Evans and Dean said previous studies indicate that laws targeted at illegal immigrants adversely affect all foreign-born workers, because they create a "chilling" climate that applies to all immigrants regardless of their residency status. Further complicating the picture are families of mixed residency status, meaning that decisions about whether to stay or go often are not by individuals but rather whole families.

Wednesday, June 04, 2008

Plug-in Hybrid Gets 150 MPG


AFS Trinity Power has developed a plug-in hybrid SUV that gets 150 MPG.

Hooray! We'll still be able to drive SUV's around town without breaking the bank. The battery recharges for around $1.00 a day.

When mass produced, the vehicle would cost less than $9,000 more than ordinary SUV's.

Center for Engaged Religious Pluralism Opens


Congratulations to Dr. Barbara McGraw, author of Taking Religious Pluralism Seriously, for her work in founding a new Center for Engaged Religious Pluralism at St. Mary's College of California.

Here's a quote from a press release announcing the new center:
"Debates about religion, politics, and public policy are often limited to religious right and secular left, with a Christian or Jewish left given a forum from time to time," said Barbara McGraw, director of the new center. "The Center for Engaged Religious Pluralism strives to broaden the dialogue and take seriously all voices from our society's many different belief systems."
I interviewed McGraw in January of 2004 to discuss her book on religious liberty -- Rediscovering America's Sacred Ground. The interview is in two parts. Here and here are the links.

Tuesday, June 03, 2008

Charting the Federal Reserve's Support for Banks


Above is a copy of a chart posted on the website for the Federal Reserve Bank of St. Louis. The chart provides a history of the levels at which the Federal Reserve has lent money to U.S. Banks.

It's obvious that the U.S. banking system is at the brink of bankruptcy.

Regarding Our Current Oil Crisis


As the cover story on Newsweek is about "The Coming Energy Wars" and predicts that the price of oil could go to $200 a barrel, I interviewed Petroleum Geologist Bob Stephenson (27 MB MP3) on my 6-1-08 "Religious Talk" radio program.

We talk about "peak oil," the current oil crisis, the possibility of radical changes in life as oil supplies decline, and the need to immediately begin developing a variety of sources of alternative energy.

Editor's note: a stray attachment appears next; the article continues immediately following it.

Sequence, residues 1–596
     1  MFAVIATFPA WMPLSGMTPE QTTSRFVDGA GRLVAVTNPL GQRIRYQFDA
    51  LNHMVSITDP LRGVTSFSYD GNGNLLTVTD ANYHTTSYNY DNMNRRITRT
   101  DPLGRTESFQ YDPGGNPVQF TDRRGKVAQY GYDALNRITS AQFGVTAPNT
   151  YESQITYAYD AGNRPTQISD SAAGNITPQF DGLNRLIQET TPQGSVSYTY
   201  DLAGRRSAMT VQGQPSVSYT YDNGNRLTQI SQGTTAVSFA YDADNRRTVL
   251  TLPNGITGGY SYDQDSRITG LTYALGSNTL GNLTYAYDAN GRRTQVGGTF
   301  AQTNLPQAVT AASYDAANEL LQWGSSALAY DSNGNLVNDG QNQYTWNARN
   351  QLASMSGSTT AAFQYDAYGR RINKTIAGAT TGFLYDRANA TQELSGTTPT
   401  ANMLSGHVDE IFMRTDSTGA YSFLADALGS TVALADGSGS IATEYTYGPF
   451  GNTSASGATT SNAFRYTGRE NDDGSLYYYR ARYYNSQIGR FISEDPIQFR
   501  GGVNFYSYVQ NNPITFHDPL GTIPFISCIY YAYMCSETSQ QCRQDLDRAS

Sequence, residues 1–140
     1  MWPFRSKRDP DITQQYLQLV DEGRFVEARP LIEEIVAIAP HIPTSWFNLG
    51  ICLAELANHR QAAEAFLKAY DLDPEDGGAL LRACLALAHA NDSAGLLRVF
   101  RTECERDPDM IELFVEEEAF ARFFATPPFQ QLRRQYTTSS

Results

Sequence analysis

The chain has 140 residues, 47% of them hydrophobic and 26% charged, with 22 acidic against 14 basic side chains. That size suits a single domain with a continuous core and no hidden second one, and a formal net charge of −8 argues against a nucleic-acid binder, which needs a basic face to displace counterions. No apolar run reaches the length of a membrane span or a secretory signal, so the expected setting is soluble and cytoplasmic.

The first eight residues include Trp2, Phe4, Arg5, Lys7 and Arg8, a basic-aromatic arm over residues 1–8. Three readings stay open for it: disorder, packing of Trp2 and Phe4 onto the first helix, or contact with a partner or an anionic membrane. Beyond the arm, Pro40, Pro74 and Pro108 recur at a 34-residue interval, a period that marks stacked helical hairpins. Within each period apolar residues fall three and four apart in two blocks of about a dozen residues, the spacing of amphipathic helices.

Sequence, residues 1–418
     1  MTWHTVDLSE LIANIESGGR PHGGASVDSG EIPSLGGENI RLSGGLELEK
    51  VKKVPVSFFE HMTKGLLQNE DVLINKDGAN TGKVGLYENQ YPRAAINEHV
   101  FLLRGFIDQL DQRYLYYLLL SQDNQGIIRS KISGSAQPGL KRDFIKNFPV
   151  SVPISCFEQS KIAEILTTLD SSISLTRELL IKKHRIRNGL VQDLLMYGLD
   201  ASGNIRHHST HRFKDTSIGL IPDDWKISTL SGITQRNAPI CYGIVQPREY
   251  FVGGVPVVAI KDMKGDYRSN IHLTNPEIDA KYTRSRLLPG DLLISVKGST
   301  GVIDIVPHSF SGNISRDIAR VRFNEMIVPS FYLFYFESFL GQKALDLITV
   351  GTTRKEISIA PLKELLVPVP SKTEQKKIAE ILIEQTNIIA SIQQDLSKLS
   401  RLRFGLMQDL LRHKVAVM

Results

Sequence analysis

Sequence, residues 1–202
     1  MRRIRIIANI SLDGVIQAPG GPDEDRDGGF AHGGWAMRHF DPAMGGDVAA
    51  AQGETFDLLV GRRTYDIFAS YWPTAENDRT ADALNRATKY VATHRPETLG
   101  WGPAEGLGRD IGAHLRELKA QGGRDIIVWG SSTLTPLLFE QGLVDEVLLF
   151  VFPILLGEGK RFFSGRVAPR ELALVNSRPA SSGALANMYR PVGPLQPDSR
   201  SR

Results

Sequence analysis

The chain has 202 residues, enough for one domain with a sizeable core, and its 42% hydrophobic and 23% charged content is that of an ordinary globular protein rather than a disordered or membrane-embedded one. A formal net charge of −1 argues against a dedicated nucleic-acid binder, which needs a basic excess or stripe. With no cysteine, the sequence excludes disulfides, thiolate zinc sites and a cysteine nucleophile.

Monday, June 02, 2008

Housing Already Worse Than the Great Depression


Economist magazine has published a brief that indicates the deflation in U.S. housing values is already worse than what happened during the Great Depression -- and worse is yet to come. Here's a quote:
Unfortunately, new figures this week reveal that house prices have already fallen by more over the past 12 months than in any year during the Great Depression. The S&P/Case-Shiller national index fell by 14.1% in the year to the first quarter. Admittedly, other property indices show smaller drops, but most economists now favour this measure. The index goes back only 20 years, but Robert Shiller, an economist at Yale University and co-inventor of the index, has compiled a version that stretches back more than a century. This shows that the latest fall in nominal prices is already much bigger than the 10.5% drop in 1932, at the worst point of the Depression.

And things are even worse than they look. In the deflationary 1930s, America's general price level was falling, so in real terms home prices declined much less than they did nominally. Today inflation is running at a brisk pace, so property prices have fallen by a staggering 18% in real terms over the past year. In nominal terms, the average home is now worth 16% less than at the peak in 2006, and the large overhang of unsold houses suggests that prices have further to fall. If so, this housing bust could well see a bigger cumulative fall in prices than the 26% real drop over the five years to 1933.

Lessons in Politics and Religion

Melissa Rogers has written an outstanding essay about "What We Have Learned So Far About Religion and Politics." She lists six things that we have learned from recent political events. Here's a quote:
We have learned that a candidate’s house of worship can become a political target and a media magnet. That is a serious problem, but that’s not to say that I don’t understand some of the reasons why we are where we are.